Filed under: Conferences
Saturday, June 21, 1997
Sponsored by The Maumee Valley Chapter of
The Romance Writers of America
and The Browne Library
In 1996 the Romance Writers of America decided to place their organizational archives at the internationally famous Browne Library. ReReading the Romance was a one-day symposium, bringing writers and scholars together to celebrate this landmark event in romance scholarship.
Speakers: Susan Elizabeth Phillips, Keynote Speaker, “The Power of Love: The Romance Novel at the Millennium; or, How the Ladies Had the Last Laugh”
Love has powered the career of Susan Elizabeth Phillips, multi-award winning author of ten romances. Her novels, published in fourteen languages, consistingly hit the New York Times, Publishers Weekly and USA Today best seller lists. It Had to Be You, her seventh book, was voted Favorite Book of the Year by the membership of the Romance Writers of America, and garnered four other prestigious awards. Many of her other books have been named Best Romance of the Year or have received Reviewers’ Choice Awards. Susan also contributed to Dangerous Men and Adventurous Women: Romance Writers on the Appeal of the Romance, which received the PCA/ACA Women’s Caucus Susan Koppelman Award for Excellence in Feminist Studies of Popular Culture and American Culture. She delivered the keynote speech at the Romance Writers of America national conference in New Orleans in 1991.
After graduating from Ohio University with a Bachelor of Fine Arts Degree in theater, Susan did postgraduate work at the University of Iowa. She taught high school for six years in the Columbus, Ohio, public school system. She now lives in the Chicago suburbs with her husband and two sons.
Jennifer Crusie Smith, Luncheon Speaker, “Re-Visioning the Myth: How Romance Writers Adapt Myth and Fairy Tale”
Sizzle, a Stolen Moments novella, won the Silhouette Short Reads Contest, launching Jennifer Crusie Smith’s first sale in 1992. Jennifer began writer romances as part of her research for her doctoral dissertation and has since written nine category novels for Harlequin and Bantam. Getting Rid of Bradley won the Romance Writers of America Rita Award for Best Short Contemporary Romance and Anyone But You was named one of the Best Books of 1996 by the Library Journal. Jennifer’s academic publications range from “This Is Not Your Mother’s Cinderella,” an essay on fairy tales in romance fiction, in the forthcoming Scholars on Romance, and “Romancing Reality” in the journal Paradoxa to a book of literary criticism, Anne Rice: A Critical Companion.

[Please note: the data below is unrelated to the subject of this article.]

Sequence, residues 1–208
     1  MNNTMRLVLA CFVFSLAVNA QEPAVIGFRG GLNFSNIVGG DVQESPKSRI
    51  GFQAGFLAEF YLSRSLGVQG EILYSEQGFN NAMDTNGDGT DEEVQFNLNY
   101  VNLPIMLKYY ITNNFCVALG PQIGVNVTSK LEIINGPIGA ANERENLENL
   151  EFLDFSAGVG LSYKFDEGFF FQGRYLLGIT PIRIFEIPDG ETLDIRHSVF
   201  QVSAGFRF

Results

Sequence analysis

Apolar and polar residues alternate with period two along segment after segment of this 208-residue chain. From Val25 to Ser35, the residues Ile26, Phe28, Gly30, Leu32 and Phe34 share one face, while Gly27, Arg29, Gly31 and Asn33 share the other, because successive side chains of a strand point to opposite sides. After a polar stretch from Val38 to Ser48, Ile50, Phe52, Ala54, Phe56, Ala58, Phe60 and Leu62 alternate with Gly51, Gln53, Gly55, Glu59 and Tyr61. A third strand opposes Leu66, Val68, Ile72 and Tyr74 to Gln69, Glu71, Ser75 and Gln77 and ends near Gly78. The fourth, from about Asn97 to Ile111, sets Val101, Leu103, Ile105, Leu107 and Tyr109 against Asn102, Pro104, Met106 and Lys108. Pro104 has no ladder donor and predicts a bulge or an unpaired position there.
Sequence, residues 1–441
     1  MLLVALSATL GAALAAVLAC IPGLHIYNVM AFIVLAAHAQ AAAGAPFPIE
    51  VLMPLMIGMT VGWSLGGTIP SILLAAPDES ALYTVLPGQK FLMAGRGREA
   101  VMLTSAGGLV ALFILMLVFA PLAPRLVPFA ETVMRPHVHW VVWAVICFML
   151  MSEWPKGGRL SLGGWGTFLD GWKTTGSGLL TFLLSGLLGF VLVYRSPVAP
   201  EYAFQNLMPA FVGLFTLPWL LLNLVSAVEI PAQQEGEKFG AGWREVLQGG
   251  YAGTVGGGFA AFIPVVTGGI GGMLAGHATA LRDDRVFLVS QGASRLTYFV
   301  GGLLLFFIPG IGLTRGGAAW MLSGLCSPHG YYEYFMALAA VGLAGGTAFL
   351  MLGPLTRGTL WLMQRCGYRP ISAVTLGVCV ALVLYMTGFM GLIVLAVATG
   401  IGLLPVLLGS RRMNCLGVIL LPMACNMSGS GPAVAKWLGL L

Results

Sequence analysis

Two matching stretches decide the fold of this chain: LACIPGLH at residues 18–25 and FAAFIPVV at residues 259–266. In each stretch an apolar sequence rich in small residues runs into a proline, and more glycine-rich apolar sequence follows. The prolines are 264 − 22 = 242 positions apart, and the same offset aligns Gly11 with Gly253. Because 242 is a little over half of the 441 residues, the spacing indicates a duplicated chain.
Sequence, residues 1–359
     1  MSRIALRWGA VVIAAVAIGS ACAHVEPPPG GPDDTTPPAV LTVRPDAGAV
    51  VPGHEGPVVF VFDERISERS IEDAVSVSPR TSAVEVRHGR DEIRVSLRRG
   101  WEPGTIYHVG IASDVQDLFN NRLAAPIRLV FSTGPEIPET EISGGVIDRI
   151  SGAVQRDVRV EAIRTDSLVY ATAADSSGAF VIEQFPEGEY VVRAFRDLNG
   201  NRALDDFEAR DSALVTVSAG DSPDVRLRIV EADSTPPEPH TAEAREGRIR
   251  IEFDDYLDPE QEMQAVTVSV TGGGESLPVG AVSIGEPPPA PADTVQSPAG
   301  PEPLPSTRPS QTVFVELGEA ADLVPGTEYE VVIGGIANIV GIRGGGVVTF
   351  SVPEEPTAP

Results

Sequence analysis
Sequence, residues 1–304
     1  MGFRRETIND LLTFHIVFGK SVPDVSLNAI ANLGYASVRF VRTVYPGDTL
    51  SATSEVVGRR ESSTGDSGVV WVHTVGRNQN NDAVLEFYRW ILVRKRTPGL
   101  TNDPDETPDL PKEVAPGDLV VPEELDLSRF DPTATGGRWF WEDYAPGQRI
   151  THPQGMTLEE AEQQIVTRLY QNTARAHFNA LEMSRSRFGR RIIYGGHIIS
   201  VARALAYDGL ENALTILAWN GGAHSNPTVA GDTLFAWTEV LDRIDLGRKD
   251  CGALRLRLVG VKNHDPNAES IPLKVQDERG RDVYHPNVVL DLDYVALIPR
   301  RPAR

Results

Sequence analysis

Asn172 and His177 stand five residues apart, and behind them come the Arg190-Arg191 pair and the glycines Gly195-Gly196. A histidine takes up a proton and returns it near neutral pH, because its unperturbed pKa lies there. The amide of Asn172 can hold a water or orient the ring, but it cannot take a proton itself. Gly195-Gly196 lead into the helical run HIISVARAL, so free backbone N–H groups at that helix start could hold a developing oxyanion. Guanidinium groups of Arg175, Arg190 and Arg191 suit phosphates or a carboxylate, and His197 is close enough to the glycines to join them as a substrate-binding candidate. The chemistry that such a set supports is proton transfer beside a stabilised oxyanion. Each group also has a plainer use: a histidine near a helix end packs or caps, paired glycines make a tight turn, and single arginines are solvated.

With a bachelor’s degree in art education from Bowling Green State University and a master’s degree in both professional writing and women’s literature from Wright State University, Jennifer is currently in the Ph.D. program and completing her MFA in fiction at the Ohio State University. She is exploring the use of humor in 20th century western women’s popular literature for her dissertation. Her main ambitions in life are to graduate from college and learn how to plot, not necessarily in that order.
Alison Scott & Cathie Linz, Closing Speakers, “Romance in the Stacks”
What do pulp art, Sherlock Holmes and Virginia Woolf have in common? Alison has published on these diverse topics. After working in rare book libraries in Illinois, New York and Massachusetts, Alison came to Bowling Green State University in 1993 to head the Browne Library. She received her Ph.D. in American Studies from Boston University in 1995.
“Light, lively, and sexy . . . ” is the way Library Journal describes Cathie Linz’s books. Since leaving her career in a university law library, she has had more than thirty romances published in nearly twenty languages. Romantic Times has given Cathie its prestigious Storyteller of the Year Award. In 1995 Cathie received the Romance Writers of America’s highest service award–the National Service Award–for her work in educating others about the romance genre. Her first trilogy for Silhouette Desire, Three Weddings and a Gift, debuted last fall with Michael’s Baby, Seducing Hunter, and Abbey and the Cowboy, her thirtieth novel. Cathie lives in the Chicago area with her family.
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